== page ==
arrived. Emily and Meg were also losing the battle.
We heard drums several times when the staff sang "Happy Birthday"
at other tables. It was five days too early for me. Would they do
it? I turned to Makenzie and said, "Don't you dare!" Then I
pointed my finger at Meg and said, "Not you, either." I wasn't a
bit surprised when the drums beat loudly and people were singing
to me. Makenzie interpreted the song. I was given a fresh strip
of pineapple with sparklers and another little umbrella to keep
forever.

Who snitched? It was Emily! That girl is something else. She
proudly told me, signing by herself, that she ate all her food,
even the pineapple, with chop sticks. I love how she held up both
hands when signing to me, exactly the way Makenzie does.

After lunch, we ditched the boys and went across the street to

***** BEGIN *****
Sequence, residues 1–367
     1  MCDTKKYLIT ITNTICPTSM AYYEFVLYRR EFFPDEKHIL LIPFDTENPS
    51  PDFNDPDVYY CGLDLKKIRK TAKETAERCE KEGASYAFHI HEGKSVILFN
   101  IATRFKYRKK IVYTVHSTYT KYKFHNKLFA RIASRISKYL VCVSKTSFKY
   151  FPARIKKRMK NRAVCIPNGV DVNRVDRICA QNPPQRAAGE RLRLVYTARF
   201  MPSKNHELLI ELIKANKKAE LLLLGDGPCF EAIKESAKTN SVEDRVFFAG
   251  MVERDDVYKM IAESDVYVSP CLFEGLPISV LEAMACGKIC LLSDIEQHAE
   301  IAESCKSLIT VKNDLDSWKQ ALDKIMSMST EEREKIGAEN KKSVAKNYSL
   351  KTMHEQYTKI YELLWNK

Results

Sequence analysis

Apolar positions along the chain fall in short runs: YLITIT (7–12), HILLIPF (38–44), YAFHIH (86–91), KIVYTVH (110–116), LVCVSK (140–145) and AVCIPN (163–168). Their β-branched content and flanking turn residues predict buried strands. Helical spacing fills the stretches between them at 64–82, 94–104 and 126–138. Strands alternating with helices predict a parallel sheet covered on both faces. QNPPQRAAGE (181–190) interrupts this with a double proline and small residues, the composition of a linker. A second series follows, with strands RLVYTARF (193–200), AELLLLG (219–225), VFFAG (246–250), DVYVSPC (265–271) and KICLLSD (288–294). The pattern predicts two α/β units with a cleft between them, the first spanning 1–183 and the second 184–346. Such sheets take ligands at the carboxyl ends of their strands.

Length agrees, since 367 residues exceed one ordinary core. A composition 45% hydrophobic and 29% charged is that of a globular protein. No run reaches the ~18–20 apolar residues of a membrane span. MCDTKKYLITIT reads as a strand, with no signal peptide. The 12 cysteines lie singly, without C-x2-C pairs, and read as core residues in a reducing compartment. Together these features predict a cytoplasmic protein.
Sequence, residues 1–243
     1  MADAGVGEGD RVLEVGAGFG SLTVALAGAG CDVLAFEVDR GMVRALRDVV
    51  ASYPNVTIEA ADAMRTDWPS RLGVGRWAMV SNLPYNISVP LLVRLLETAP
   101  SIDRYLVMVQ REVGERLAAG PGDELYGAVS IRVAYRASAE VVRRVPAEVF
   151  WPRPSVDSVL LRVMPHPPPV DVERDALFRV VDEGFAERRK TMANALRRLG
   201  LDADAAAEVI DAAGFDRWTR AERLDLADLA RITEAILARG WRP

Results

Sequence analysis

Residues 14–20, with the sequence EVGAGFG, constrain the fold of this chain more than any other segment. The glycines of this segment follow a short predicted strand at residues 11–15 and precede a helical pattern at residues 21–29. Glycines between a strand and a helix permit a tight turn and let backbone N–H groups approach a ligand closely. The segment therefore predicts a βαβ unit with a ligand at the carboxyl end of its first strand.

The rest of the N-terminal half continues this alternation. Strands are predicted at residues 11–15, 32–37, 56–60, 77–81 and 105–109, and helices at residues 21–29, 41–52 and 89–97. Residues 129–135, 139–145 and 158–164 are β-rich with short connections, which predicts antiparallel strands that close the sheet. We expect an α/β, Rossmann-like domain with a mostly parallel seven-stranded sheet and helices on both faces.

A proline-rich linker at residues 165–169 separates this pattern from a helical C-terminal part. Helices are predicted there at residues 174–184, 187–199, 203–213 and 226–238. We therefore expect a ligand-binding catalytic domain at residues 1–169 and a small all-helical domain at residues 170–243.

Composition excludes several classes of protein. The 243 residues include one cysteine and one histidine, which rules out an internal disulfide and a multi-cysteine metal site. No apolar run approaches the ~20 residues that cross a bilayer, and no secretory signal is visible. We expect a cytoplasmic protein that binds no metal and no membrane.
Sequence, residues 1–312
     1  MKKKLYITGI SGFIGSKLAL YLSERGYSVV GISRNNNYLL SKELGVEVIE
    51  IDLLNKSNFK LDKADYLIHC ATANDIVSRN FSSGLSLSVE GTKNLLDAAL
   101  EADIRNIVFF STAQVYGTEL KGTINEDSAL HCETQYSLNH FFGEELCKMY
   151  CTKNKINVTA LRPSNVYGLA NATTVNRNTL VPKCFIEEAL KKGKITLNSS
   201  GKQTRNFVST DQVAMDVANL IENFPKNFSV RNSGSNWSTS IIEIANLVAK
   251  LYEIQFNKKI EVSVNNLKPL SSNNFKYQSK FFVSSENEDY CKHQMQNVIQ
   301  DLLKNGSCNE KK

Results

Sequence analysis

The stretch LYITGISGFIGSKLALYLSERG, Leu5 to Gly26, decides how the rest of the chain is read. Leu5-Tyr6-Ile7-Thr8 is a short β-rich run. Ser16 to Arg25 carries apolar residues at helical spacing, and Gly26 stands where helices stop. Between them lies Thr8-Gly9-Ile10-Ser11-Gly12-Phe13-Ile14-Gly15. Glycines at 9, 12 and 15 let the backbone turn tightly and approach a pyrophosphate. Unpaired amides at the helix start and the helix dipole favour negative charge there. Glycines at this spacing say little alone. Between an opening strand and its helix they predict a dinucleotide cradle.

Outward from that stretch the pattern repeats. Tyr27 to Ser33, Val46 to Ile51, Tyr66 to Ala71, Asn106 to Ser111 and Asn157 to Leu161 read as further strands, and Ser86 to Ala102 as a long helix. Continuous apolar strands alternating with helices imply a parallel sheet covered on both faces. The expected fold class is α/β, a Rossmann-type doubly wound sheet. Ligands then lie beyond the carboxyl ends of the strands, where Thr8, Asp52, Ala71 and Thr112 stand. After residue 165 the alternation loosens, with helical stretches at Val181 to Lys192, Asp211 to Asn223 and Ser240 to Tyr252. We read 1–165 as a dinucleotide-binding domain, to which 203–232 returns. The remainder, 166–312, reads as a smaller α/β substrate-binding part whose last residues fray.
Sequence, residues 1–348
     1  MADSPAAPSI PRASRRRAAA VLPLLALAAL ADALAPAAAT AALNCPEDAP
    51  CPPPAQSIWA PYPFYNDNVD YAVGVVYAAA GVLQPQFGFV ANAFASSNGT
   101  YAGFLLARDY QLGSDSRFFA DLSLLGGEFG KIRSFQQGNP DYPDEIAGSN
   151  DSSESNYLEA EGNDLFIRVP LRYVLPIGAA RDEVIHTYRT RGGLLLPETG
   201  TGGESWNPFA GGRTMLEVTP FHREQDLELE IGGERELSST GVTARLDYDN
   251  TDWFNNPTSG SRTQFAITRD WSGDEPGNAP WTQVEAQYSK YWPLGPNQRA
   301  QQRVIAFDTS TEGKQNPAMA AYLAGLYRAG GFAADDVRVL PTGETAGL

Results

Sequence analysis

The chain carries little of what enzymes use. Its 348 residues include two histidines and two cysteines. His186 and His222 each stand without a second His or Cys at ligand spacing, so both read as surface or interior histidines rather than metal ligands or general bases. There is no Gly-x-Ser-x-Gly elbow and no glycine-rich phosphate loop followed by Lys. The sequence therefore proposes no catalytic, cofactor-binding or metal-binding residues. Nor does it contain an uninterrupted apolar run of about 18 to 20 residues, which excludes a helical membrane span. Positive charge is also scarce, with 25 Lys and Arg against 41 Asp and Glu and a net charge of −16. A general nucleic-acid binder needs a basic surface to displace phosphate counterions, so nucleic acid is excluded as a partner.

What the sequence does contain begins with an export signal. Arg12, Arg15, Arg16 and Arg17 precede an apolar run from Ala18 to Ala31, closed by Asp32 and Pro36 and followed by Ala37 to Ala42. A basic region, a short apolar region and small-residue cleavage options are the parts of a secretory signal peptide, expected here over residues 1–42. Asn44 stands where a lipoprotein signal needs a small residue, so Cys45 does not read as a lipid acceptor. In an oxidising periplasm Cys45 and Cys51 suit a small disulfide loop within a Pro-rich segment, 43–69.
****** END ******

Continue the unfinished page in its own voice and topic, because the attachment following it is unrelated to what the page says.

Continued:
the mall to do some serious damage to my credit card. I wanted a
Pandora charm bracelet and tried to convince myself that I
deserved a special gift for my 43rd birthday. No one else would
be insane enough to drop that much money to buy me one. Makenzie,
who has hr own bracelet, was great encouragement. The part of me
that believes I spent too much money says she's an evil
influence.

Meg and I had ben looking at a similar type of bracelet a few
weeks earlier. I liked the idea of beads as charms but didn't
feel inspired by what Kay's offered. Most of the Pandora beads we
looked at were tactile. That's all it took, hook, line and sinker
and I was caught.

The hard part was deciding on what beads to buy to get my